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Types of Traffic Offenses in Maryland

In Maryland, there are different types of traffic offenses, and, therefore, different penalties involved and different ways to resolve each offense. For example, a payable offense would be resolved in a very different way than a must-appear offense.

Due to the varying circumstances of each case, it is very important that a person facing any traffic offense contacts a Maryland traffic lawyer as soon as possible to ensure that they have a firm understanding of the penalties of their charge, as well as what steps they will need to take in order to resolve their case. Although an attorney may be more involved in some types of traffic offenses than others, they can be a helpful guide in every case.

Types of Charges

In Maryland, a person can be charged with a traffic infraction, misdemeanor, or felony.

A traffic infraction is any violation listed in the Maryland Transportation Article and is considered the least serious type of violation. The Maryland Transportation Article is a list of laws which must be followed. An example of a traffic infraction is speeding. For traffic infractions, penalties never include any jail time.

How Serious is a Misdemeanor Traffic Charge?

A traffic misdemeanor is any violation of the Maryland Transportation Article, unless there is a civil penalty or unless the misdemeanor is increased to a felony. Misdemeanors carry a potential penalty of jail time. Most traffic violations are misdemeanors and carry a penalty of up to 60 days in jail and a $500 fine.


There are specific violations in the Transportation Article designated as felonies. What distinguishes a felony is that the possible jail sentence is higher than a misdemeanor. Some examples of a traffic felony include a DUI where someone is killed or automobile manslaughter.

What are the Different Types of Offenses?

There are two different types of traffic offenses in Maryland. The first one is a payable offense and the second one is a must-appear offense. Payable offenses are minor traffic offenses, while must-appear are more serious traffic offenses.


Payable traffic violation examples include a speeding ticket, running a stop sign, and improper turning. These are tickets to which a person can plead guilty and pay a fine and the individual does not have to appear in court. Payable traffic tickets are not punishable by jail time.

With a payable traffic ticket, there are three options. The person can pay the fine, plead guilty with an explanation and request a waiver hearing, or they can plead not guilty or request a trial. If they do not pay the fine, they have to request a waiver hearing or a trial and must appear in person. With any of the three options, the person must respond within 30 days or the Maryland Vehicle Administration is notified and the person’s license may be suspended.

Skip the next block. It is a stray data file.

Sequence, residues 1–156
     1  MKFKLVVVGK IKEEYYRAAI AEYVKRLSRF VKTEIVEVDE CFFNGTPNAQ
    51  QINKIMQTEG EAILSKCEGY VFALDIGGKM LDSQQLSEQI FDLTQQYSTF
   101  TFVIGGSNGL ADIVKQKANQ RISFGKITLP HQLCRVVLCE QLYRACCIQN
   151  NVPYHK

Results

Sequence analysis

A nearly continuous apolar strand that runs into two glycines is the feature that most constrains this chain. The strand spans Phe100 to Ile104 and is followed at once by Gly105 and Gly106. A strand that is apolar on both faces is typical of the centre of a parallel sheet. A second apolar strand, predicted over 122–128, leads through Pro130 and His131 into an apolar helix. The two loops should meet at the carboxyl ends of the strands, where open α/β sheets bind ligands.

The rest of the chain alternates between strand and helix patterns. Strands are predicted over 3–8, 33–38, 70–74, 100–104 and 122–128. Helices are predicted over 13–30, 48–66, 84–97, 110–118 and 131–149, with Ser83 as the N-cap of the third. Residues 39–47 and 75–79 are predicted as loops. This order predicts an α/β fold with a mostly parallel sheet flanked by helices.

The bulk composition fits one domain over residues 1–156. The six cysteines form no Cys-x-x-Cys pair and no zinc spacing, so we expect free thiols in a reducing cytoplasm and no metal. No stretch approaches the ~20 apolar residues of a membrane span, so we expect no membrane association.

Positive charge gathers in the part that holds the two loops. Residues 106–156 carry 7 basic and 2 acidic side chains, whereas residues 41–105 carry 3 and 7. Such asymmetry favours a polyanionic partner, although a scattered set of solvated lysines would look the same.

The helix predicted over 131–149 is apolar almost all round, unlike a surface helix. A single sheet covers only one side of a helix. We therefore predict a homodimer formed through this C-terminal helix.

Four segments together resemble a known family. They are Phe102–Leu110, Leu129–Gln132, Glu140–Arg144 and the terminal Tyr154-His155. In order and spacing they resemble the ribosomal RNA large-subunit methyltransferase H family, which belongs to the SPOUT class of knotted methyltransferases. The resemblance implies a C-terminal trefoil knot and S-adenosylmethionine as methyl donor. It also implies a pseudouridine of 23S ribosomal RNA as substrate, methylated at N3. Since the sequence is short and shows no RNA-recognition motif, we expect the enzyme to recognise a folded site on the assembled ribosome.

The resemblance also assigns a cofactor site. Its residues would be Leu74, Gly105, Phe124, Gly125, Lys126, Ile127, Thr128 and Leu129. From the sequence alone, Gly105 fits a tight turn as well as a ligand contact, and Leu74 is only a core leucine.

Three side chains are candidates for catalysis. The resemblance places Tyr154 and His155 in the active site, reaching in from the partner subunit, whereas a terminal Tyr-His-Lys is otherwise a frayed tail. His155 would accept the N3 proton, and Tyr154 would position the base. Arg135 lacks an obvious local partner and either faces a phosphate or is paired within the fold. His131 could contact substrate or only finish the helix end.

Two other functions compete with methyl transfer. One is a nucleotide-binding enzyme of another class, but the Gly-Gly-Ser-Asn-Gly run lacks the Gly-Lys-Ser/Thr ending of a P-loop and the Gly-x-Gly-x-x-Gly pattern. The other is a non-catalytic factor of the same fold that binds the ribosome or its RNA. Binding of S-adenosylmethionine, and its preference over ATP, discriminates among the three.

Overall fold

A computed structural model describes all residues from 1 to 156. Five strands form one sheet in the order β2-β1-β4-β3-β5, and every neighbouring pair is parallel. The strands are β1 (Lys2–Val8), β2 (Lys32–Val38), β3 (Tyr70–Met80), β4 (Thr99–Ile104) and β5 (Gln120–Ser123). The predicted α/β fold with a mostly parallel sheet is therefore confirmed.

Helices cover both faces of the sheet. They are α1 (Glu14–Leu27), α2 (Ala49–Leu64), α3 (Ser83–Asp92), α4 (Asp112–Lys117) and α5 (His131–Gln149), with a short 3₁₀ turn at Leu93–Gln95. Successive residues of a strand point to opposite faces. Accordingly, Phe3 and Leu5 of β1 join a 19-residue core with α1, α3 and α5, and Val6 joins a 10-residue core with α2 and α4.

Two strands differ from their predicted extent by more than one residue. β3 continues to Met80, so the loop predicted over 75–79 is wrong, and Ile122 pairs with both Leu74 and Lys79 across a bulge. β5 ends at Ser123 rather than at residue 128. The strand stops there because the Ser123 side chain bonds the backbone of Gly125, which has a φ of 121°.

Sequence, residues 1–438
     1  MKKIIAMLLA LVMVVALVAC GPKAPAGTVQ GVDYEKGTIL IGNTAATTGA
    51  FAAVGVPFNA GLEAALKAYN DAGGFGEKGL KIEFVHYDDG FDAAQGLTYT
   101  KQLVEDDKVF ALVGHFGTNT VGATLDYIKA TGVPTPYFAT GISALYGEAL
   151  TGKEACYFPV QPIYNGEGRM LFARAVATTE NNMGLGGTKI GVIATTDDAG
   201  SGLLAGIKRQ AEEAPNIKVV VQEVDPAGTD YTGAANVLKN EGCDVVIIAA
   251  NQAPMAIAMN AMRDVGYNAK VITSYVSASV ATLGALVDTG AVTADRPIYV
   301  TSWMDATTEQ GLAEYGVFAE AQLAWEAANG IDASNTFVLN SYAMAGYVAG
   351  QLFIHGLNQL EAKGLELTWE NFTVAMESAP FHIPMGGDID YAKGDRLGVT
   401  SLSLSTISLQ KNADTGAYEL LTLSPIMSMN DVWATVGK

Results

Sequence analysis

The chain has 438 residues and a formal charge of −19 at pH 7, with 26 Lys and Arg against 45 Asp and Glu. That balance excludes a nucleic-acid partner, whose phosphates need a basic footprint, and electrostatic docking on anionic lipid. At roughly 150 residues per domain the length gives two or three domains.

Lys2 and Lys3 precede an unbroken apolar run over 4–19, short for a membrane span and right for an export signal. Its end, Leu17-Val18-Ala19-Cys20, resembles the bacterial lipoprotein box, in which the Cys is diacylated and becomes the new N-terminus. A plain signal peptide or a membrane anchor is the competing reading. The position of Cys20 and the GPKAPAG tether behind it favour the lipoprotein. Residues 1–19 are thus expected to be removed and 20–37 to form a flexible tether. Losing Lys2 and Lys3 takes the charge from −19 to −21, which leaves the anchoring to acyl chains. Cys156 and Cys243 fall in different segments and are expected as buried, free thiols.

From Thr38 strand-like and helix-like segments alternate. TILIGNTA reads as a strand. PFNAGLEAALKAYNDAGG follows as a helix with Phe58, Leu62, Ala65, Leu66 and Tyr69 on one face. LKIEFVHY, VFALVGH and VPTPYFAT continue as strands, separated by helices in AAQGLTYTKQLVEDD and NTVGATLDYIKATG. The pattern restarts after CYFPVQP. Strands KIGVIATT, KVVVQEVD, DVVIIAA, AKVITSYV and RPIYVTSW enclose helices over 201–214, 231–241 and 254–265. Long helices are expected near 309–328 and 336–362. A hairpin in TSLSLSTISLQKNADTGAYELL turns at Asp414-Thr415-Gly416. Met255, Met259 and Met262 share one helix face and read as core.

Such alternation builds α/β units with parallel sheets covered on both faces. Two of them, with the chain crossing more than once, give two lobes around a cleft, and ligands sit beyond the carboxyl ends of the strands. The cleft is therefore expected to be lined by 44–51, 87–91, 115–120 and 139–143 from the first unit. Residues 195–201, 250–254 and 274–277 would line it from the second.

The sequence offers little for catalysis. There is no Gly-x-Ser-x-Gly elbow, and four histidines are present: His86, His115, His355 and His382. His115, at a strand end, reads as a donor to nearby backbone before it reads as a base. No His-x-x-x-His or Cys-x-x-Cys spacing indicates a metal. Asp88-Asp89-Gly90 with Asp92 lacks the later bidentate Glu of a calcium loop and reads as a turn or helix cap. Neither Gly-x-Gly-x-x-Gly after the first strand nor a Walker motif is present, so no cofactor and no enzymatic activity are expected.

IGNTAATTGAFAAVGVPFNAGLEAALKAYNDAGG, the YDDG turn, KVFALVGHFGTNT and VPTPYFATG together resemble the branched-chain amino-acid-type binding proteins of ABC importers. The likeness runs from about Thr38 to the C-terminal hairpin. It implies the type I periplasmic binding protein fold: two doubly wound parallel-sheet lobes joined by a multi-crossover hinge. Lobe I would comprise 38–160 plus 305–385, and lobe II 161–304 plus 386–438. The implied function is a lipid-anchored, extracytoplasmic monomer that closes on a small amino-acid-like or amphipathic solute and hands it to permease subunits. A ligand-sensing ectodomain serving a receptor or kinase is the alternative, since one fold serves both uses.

Must-appear traffic offenses are more serious and there is potential for the person to be incarcerated. Examples of must-appear traffic offenses are DUIs, fleeing and evading the police, and leaving the scene of an accident or driving while suspended, or both. If a person is charged with a must-appear traffic offense, they cannot just pay the fines. Instead, they must appear in court on the date and time listed on a notice, which will be received in the mail.

Hiring an Attorney

It is important to hire a local Maryland traffic attorney because such an attorney can have the experience of handling several types of traffic offenses in Maryland, meaning that he or she is in traffic courts numerous times per week. Due to this, the attorney will know how to minimize the penalties associated with a person’s traffic offense, which may include keeping the points off of their driver’s record.

Additionally, it is important for a person to hire a lawyer whenever they receive a traffic citation so that they may explore other options besides paying the citation and automatically suffering the consequences. An attorney would be especially helpful for individuals who must appear in court since they could effectively argue the person’s case in front of the judge.